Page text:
Why is it that I'm heading up this hill from this cute little town?  There are dozens of ways home.  I had narrowed it down to two.  I rejected going over Hecker Pass towards Morgan Hill and then North.  That had the advantage of the least amount of climbing.  The risks were narrow shoulders and impatient drivers up the pass, and then potential headwind all the way to San Jose.  I don't mind climbing, and I don't like crazy drivers.  I also rejected the idea of going all the way up the coast to Tunitas Creek.  That would have been well over 100 miles, with one of the toughest climbs saved for late in the ride.  100 miles is hard, regardless, and I didn't necessarily want to retrace the majority of the previous two days.

One reasonable option was retracing to Santa Cruz and then taking Glen Canyon up to Scotts Valley and then to Highway 9.  It's a tough climb, too - over 7,500 feet - and climbing late in the ride.  But Highway 9 means not taking Old Santa Cruz Highway down to Los Gatos, which includes a quarter mile on Highway 17 and a bit of gravel.  Highway 17 is not an interstate, but close to it.  Most of it forbids bicycles, but "technically" I'd only be on an on/off ramp.  So Glen Canyon had its appeal.
Profile for the Glen Canyon route
I settled on Eureka Canyon to Summit Road and the aforementioned sketchiness of highways and gravel traps.  Why?  I'll say that the climbing is moderate and comes earlier in the ride.  Frankly, I kept asking people and the last guy I talked to preferred this one.  (He lives up there, so I trust him.  Now that it's done, I still trust him.)  Eureka Canyon also has the least amount of traffic.
Profile for Eureka Canyon

The Bell Curve of Civilization

It's an interesting experience to bike in the rugged mountains of Northern California.  They are steep and the valleys are flat.  So it takes only a few minutes to go from one of the densest urban centers in California to desolation.  It reminds me of touring the Vietnam Veterans Memorial in Washington, D.C.  When you walk along the memorial, you start by standing above it and your peripheral vision captures the whole of The Mall with all the memorials and city skyline.  But as you walk, you go down so that the wall grows above you until your only sense is that of the way.  You read the names of those who died, you think of how young they were, their families.  Then slowly you rise along the sidewalk as the wall gets shorter and releases you back to reality.  It's so well done.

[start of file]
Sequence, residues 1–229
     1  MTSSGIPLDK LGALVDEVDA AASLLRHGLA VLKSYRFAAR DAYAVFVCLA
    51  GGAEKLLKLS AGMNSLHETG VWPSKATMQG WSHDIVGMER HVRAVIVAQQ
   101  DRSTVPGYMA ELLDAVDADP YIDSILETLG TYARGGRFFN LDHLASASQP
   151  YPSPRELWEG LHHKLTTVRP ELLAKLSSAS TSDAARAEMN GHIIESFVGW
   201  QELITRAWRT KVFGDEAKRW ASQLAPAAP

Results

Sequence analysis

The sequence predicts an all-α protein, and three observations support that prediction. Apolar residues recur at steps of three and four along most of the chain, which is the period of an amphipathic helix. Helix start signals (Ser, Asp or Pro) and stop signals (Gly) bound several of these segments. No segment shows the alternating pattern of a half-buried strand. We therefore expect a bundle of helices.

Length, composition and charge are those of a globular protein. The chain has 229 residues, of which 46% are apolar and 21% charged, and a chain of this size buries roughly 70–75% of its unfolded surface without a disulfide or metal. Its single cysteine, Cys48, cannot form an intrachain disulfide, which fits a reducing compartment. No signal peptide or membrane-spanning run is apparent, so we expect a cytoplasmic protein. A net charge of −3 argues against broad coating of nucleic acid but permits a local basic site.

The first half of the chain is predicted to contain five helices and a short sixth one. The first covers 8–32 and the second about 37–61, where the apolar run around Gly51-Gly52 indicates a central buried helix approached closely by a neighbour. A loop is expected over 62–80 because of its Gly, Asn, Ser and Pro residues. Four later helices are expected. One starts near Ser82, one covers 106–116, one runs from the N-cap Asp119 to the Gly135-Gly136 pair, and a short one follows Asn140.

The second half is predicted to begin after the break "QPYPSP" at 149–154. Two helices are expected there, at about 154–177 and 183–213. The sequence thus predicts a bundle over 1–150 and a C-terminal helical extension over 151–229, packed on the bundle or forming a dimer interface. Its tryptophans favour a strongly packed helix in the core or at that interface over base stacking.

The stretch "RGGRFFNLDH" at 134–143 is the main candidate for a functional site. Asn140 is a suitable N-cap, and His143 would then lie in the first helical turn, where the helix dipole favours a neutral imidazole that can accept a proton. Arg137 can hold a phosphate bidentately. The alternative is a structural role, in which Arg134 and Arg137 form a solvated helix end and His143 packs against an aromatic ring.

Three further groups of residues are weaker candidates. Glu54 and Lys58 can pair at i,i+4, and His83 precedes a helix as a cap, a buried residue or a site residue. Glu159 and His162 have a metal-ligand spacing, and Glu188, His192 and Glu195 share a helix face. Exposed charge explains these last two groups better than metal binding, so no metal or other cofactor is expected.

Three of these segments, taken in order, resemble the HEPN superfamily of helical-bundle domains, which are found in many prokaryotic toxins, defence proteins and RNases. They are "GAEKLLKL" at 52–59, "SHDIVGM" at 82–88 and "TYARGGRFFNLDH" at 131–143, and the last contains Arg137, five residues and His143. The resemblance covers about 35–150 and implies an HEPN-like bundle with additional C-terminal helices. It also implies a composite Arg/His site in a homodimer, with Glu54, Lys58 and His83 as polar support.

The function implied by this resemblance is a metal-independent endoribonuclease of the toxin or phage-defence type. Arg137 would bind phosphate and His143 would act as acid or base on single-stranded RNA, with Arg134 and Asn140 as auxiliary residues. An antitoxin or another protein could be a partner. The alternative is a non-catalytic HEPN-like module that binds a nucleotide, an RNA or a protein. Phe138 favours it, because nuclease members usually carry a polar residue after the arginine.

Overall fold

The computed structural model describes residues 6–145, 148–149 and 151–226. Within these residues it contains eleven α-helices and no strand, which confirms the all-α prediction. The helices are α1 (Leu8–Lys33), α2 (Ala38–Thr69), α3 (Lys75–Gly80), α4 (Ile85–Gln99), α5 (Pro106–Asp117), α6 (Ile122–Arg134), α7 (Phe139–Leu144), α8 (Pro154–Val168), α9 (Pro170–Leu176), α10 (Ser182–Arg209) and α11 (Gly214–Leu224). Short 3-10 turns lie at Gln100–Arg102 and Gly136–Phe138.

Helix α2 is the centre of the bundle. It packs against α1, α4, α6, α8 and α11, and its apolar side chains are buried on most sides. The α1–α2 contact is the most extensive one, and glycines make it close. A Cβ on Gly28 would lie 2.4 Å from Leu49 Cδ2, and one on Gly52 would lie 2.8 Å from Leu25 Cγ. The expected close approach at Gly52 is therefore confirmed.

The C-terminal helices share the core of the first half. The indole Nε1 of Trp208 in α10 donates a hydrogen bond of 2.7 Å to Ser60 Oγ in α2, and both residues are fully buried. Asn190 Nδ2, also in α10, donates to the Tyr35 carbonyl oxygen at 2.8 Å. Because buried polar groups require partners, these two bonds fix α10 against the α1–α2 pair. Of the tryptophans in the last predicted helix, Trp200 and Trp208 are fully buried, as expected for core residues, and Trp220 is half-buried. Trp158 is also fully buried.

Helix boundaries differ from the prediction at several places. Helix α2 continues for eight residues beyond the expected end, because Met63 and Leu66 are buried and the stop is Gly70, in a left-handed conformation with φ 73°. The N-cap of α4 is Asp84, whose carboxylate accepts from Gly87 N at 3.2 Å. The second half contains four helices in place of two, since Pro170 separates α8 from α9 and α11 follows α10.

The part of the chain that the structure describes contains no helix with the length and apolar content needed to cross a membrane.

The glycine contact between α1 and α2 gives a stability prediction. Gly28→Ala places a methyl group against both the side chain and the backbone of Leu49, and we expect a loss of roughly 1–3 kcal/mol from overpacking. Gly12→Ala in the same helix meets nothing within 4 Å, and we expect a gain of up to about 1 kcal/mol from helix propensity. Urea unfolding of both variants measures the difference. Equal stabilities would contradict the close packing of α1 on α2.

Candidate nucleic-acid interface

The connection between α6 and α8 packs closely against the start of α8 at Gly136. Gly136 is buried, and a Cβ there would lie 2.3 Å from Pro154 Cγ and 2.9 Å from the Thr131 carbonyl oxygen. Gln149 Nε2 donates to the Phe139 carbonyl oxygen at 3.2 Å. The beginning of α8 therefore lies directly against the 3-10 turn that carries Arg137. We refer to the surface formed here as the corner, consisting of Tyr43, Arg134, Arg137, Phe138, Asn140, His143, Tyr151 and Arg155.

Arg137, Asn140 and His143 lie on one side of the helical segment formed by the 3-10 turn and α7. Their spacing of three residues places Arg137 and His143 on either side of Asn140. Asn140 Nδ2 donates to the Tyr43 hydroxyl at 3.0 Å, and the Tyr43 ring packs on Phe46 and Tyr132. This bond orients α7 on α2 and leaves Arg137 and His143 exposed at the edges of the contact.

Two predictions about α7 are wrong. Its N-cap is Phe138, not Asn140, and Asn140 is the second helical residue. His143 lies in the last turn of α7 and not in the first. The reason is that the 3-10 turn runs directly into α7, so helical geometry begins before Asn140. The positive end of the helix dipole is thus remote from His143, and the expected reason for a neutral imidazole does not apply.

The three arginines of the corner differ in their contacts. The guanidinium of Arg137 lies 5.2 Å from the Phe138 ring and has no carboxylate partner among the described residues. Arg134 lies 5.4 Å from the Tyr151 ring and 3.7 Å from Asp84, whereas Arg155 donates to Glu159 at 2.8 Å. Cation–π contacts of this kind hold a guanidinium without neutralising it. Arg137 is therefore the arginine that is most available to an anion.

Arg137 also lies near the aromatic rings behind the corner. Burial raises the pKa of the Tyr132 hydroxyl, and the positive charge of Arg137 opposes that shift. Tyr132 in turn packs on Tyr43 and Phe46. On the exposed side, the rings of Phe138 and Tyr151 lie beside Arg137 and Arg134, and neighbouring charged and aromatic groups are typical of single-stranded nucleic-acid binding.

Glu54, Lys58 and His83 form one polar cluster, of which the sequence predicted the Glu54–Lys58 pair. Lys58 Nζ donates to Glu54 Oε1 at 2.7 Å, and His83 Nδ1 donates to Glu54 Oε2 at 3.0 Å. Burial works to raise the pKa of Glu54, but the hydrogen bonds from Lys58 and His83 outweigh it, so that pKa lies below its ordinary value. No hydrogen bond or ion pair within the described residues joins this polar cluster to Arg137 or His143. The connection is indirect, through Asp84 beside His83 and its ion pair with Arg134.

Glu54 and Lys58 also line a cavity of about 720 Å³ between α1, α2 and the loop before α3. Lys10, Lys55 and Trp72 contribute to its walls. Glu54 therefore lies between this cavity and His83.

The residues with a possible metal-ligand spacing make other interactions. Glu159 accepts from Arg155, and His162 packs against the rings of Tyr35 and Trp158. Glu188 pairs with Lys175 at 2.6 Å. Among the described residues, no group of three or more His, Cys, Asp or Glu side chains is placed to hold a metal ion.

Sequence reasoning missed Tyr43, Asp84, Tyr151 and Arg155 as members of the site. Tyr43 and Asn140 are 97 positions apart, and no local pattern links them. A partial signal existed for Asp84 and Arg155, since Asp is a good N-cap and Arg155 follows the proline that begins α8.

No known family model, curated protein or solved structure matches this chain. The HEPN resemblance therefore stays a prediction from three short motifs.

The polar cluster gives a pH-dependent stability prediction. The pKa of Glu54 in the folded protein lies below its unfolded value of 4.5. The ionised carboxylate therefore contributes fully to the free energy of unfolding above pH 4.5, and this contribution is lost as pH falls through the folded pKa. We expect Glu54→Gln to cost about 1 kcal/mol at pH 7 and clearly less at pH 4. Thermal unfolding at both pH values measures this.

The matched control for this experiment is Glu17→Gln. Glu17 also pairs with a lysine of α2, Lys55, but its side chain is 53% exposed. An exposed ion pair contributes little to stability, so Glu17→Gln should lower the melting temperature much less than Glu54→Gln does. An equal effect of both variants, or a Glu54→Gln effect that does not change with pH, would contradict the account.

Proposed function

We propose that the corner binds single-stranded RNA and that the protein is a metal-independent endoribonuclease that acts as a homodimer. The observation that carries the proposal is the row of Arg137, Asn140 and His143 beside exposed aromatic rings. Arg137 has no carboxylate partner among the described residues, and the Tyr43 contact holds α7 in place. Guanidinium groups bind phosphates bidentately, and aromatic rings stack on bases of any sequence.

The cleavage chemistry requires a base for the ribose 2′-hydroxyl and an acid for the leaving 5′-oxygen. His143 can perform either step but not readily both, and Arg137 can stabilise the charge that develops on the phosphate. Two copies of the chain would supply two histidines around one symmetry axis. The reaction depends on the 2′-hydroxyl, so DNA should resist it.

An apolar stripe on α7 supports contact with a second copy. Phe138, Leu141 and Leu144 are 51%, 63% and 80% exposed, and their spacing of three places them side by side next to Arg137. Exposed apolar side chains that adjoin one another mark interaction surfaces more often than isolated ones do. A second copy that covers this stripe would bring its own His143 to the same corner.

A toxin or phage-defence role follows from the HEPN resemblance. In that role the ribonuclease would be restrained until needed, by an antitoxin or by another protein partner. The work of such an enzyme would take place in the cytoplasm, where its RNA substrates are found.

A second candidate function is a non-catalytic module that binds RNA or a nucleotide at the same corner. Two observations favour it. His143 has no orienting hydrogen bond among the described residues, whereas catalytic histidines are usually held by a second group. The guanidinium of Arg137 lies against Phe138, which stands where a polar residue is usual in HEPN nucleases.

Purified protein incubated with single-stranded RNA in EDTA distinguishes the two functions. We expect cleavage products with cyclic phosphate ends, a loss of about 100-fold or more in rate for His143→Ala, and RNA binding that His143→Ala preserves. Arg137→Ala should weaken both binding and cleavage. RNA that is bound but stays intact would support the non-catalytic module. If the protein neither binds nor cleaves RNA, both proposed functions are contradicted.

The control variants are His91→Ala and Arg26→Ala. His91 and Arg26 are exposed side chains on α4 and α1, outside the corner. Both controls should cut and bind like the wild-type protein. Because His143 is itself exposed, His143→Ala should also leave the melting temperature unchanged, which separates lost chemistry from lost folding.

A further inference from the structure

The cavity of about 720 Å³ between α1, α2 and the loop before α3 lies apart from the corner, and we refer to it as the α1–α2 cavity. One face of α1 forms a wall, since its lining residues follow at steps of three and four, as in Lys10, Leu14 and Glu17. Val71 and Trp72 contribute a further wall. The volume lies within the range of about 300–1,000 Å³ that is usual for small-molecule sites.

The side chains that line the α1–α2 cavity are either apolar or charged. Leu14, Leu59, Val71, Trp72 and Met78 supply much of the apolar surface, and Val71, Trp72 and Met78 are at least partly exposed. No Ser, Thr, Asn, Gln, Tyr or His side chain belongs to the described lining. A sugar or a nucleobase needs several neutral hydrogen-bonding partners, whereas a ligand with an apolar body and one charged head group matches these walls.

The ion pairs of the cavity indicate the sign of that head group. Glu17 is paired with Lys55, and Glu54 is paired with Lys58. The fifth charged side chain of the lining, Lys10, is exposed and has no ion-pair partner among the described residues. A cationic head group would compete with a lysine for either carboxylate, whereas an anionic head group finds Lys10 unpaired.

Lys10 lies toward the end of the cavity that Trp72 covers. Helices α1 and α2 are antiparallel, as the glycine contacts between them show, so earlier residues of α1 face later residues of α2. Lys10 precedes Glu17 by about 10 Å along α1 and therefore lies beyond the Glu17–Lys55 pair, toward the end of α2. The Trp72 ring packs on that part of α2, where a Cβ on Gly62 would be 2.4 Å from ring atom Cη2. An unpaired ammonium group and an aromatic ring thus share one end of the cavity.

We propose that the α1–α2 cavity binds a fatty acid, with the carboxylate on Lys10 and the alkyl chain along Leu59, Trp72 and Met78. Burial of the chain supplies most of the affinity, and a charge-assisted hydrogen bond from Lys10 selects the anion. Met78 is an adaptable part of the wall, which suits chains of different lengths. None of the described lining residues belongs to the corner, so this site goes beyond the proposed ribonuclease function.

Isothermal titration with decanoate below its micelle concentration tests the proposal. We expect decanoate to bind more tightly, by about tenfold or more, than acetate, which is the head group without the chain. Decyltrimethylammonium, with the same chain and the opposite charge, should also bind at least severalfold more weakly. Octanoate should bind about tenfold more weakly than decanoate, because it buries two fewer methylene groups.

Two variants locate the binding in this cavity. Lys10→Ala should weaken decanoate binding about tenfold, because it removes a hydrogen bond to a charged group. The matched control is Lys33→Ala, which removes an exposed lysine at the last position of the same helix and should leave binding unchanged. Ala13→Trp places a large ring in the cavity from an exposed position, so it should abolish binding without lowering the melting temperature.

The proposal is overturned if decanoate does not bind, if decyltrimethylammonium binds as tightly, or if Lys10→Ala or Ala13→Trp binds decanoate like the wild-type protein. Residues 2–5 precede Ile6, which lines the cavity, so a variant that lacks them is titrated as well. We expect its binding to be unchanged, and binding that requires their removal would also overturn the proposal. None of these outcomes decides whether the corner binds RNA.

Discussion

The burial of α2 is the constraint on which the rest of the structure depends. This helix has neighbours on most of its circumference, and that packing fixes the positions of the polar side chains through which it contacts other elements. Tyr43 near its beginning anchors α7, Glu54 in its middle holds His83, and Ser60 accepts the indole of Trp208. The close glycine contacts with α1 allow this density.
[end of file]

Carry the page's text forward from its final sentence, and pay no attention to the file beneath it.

Riding from Watsonville, to Carrolitos, to the single-lane road that twists up "the hill" - as everyone calls this mountain range - is a similar experience.  Riding with a group, you sometimes miss the transition and get hit suddenly with the realization that you're not in town anymore.  Riding alone, you see it coming.  You feel the temperature drop, you see different foliage, you hear the burbling stream.  As small as you felt next to the ocean (and behind a bus), you feel small again at the base of the redwoods.

Part of being a Strava Maniac, is that awareness that the first time to ride any particular road, you won't get the digital equivalent of a medal.  You don't get any digital credit at all.  But the second time, if you ride faster, then you get a "personal record" badge for all your data-obsessed friends to kudo.  So we've all learned not to go too fast the first time we ride a new segment.  It takes the pressure off.  And you just enjoy the ride.

I really enjoyed this ride.